Nurserymen’s Exchange, one of Half Moon Bay’s largest employers, has filed for bankruptcy.The wholesaler of edible, blooming and specialty plants including blueberries, roses and ivy owes creditors nearly $25 million and is selling its land and operations.Over the next three to four months, Nurserymen intends to auction off its operations, including eco-friendly greenhouses and a long-standing workforce. Business will carry on unaffected during the Chapter 11 proceedings, said spokeswoman Rivian Bell. Read More
Pillar Point Bluffs, a 140-acre preserve north of Half Moon Bay overlooking Mavericks surf break, will soon belong to San Mateo County.The County’s Board of Supervisors unanimously approved the transfer of $3 million to the Peninsula Open Space Trust on Tuesday for the purchase of the wind-whipped lookout.The purchase comes at a time when the county’s $82 million budget deficit has led officials to consider the closure of the much-loved Flood Park in Menlo Park, which gets 75,000 visitors a year, according to the Parks Department. Read More
Anti-abortion activists plan to challenge a zoning permit allowing a new Planned Parenthood clinic in Redwood City. Ross Foti, a Belmont resident, said he will submit an appeal of the permit, which was issued Friday, along with San Mateo lawyer Cyrus Johnson and other activists. “That permit was issued without even caring about the consequences of the neighborhood itself,” Foti said. “If they open up, I will be their worst nightmare.” Read More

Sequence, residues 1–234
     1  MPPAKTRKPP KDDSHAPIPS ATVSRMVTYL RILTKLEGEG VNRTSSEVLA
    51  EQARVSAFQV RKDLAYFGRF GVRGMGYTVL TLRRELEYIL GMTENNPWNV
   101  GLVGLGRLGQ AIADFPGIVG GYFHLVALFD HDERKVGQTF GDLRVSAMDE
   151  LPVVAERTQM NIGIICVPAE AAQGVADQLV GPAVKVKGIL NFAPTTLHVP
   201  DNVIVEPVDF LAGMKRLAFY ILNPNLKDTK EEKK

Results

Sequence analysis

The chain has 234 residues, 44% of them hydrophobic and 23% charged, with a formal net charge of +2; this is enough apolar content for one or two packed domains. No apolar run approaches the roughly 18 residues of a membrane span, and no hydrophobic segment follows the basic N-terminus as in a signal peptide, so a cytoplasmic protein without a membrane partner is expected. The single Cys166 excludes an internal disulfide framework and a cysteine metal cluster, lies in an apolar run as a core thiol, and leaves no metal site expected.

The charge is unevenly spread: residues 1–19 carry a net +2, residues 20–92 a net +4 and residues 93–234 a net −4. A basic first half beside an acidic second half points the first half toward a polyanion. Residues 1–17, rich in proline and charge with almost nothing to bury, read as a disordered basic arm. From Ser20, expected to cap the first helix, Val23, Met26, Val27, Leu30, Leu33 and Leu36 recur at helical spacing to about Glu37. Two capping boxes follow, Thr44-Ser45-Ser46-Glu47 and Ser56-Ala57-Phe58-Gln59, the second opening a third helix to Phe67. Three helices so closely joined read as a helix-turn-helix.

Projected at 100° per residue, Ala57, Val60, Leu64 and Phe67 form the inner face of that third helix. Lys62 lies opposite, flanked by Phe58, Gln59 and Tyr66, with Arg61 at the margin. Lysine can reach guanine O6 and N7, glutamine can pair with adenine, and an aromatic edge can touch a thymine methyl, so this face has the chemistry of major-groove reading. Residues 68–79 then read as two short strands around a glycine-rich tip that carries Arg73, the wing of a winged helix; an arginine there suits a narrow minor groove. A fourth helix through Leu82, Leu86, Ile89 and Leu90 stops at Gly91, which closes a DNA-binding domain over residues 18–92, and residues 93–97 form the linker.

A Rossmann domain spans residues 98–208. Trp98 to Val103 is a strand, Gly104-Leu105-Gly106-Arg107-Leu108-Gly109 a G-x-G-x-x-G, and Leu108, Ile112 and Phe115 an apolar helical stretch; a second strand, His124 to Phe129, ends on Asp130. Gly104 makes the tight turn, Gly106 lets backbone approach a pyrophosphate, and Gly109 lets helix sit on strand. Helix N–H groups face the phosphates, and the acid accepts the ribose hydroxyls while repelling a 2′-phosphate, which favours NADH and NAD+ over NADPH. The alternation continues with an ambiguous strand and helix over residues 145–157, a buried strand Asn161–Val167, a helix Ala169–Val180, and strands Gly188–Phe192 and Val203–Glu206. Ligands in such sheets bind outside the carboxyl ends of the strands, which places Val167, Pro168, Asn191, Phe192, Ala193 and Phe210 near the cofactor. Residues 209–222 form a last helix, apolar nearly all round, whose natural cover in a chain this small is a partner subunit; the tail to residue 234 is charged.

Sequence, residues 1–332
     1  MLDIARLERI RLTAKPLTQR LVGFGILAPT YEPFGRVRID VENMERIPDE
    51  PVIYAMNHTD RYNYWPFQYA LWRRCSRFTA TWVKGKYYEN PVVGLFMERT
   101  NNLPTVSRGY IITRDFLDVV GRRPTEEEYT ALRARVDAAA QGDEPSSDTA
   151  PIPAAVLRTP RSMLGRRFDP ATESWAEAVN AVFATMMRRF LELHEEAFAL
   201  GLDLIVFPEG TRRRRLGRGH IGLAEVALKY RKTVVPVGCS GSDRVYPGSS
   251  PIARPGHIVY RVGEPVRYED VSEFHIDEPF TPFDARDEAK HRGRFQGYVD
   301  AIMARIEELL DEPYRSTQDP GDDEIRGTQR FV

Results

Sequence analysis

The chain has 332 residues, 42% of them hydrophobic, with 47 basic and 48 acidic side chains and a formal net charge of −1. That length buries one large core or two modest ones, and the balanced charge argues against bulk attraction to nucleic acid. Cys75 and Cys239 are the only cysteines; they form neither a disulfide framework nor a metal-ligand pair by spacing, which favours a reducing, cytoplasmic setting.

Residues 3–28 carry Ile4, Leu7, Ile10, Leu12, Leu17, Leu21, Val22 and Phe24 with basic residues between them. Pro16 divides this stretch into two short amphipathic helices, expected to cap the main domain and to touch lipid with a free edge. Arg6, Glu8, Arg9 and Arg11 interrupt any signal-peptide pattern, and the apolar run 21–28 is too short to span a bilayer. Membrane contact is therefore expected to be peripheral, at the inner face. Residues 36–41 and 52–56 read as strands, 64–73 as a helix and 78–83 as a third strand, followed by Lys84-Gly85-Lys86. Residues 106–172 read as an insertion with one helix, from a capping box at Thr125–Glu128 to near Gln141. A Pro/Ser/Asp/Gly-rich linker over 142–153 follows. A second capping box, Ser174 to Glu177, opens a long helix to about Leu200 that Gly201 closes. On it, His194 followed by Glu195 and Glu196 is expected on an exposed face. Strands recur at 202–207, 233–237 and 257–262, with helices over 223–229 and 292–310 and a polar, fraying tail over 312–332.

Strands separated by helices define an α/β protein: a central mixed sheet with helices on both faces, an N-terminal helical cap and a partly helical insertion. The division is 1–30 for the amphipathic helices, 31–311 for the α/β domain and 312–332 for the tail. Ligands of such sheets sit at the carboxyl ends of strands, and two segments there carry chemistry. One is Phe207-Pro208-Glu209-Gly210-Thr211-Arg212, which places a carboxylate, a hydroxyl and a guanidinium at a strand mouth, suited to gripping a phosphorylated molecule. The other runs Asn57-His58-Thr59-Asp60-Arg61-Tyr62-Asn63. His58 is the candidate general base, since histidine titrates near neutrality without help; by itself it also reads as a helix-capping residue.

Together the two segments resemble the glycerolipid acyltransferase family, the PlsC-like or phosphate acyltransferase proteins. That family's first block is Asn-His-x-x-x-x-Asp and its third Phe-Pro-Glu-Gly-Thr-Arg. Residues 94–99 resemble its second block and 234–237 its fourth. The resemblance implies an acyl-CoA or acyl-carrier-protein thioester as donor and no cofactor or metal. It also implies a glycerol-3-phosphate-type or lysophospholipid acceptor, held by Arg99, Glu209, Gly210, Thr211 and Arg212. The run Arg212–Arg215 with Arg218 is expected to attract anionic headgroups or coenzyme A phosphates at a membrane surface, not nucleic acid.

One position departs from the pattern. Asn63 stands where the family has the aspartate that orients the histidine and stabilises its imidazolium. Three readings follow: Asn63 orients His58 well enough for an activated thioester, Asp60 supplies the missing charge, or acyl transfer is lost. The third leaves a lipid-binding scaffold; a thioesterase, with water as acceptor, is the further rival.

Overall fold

Lacrouts-Lyonnaise French Laundry, located in the Mission district, has violated San Francisco’s minimum-wage ordinance four times — a city record — and had to pay workers $177,346 in settlements, according to the Office of Labor Standards and Enforcement.
But owner Kevin Lacrouts said he’s struggled to pay The City’s minimum hourly wage — now $9.92 — because most of his competitors are located in Marin, Oakland and South San Francisco and only have to offer employees $8 an hour — the state’s wage limit. Read More
In December 2007, several employees of the Mission district’s Mi Tierra Market filed a claim for unpaid wages with the San Francisco Office of Labor Standards and Enforcement. They alleged that the market was paying workers $250 to $400 a week to work 12-hour days, six days a week.
Such practices would violate California labor laws and San Francisco’s minimum-wage statute, which mandates workers in The City must be paid at least $9.92 an hour. Read More